Exactly! Pitbulls are extremely loving and I wouldn’t want a dog that wouldn’t protect me & my family! I feel for soldiers that have PTSD but they’re not the only ones. I was almost killed by a man that broke down my door a few years ago and fought for my life for over 2 hours. 17 stabs later & being strangled til I was unconscious, I was rescued. I hadn’t slept in my bed for over a year , on the couch to see the front door. It also took my landlord 7 months to get me a new door that properly locked. I got a Pitbull and feel safe again. Protected. But he wouldn’t hurt a fly unless I was in danger. But other people suffer from PTSD and that’s legit. Sorry you think it’s a scam but you need serious help yourself…clearly.

kat valentine September 6, 2017 at 11:23 pm

so does that mean if pit bull move in where i live in apartment i have no rights but to move because i fear for my life,i dont have any rights

Resa Dene January 11, 2018 at 2:13 pm

@Elvis Costello and JFraser, judge the individual not the label. “Pit bulls” are only a label given to a variety of bully breed/crosses. There are a small minority that are problem dogs, but on the whole they are among the best dogs that you could find. They score average temperament testing only slightly behind retrievers, they are tops! . OF COURSE the bad ones should be rooted out, also OF COURSE they can be used as service dogs, support dogs, police dogs, and all other kinds of uses – and they are. REQUIRE ADEQUATE PROOF OF TEMPERAMENT through testing, assessment, verified history- NO PROBLEM. BAN ALL BECAUSE OF YOUR EXTREME, PREJUDICED VIEWS? BIG PROBLEM, not fair at all to those of us who have pit bulls and spend hundreds of hours training them, caring for them, and making sure they are the most excellent of canine citizens and an honor to their breed. Judge each of us on our own merits.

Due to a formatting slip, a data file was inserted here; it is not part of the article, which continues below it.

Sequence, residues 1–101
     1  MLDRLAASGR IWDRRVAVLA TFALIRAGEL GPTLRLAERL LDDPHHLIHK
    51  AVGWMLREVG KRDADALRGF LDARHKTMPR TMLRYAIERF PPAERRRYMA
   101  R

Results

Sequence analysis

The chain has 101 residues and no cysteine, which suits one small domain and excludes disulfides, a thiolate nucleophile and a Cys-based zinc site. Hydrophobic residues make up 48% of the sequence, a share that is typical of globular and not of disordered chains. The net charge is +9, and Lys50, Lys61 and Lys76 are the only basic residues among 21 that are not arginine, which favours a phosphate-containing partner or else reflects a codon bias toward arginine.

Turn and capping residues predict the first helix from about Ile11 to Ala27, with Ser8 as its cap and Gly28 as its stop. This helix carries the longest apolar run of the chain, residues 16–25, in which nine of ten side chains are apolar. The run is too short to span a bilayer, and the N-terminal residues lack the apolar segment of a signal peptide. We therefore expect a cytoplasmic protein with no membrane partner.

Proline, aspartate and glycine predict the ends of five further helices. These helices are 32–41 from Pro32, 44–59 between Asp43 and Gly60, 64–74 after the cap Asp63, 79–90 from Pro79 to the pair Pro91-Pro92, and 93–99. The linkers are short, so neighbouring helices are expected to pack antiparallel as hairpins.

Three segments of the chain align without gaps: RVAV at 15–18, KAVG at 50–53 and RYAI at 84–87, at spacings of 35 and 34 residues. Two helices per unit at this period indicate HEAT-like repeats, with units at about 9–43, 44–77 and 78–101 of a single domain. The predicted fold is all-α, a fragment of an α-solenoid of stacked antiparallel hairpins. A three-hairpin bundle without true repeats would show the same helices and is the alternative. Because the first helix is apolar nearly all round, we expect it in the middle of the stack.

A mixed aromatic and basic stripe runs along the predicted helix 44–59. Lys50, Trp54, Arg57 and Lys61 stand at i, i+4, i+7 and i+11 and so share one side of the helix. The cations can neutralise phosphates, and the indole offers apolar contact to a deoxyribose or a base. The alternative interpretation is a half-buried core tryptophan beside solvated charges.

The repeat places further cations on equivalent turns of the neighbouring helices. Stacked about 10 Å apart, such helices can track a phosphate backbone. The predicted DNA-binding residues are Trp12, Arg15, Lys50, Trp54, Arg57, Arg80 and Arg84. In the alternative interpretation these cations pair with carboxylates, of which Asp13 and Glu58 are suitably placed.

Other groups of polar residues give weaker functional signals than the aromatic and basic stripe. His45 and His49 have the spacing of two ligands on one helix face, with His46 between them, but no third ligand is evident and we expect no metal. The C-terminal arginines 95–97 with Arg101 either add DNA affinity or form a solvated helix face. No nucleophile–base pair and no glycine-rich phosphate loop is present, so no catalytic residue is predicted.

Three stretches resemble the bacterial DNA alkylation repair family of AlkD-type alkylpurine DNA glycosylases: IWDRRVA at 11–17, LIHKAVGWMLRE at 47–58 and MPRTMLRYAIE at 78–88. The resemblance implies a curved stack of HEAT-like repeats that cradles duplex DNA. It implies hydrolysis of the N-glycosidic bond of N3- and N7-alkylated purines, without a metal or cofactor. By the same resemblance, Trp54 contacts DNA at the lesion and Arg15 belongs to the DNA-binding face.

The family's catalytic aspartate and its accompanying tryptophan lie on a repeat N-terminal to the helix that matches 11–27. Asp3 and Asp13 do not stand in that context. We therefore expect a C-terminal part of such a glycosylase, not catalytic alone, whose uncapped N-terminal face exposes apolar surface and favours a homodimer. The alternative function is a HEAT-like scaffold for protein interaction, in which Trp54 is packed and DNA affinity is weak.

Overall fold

Halle February 21, 2018 at 1:59 pm

I wanted to point out that just because there is a local breed ban, does NOT mean that they don’t have to allow the dog. They still have to allow the dog to reside with them (if an emotional support animal with a doctors note) because of the Fair Housing Act, which allows no discrimination of breed, size and weight of the assistance animal. The city has to allow it, because if they don’t they are violating the FHAct. The Federal Law is the Supreme Law of the Land (Supremacy Clause, Article VI Clause 2) and takes precedence over state law or city ordinances.

Vern October 4, 2020 at 8:21 am

If you want one of these dogs then get a damned house! Other people shouldn’t be put at risk just because of your want for a tough guy breed! THEY DON’T BELONG IN APARTMENTS!!!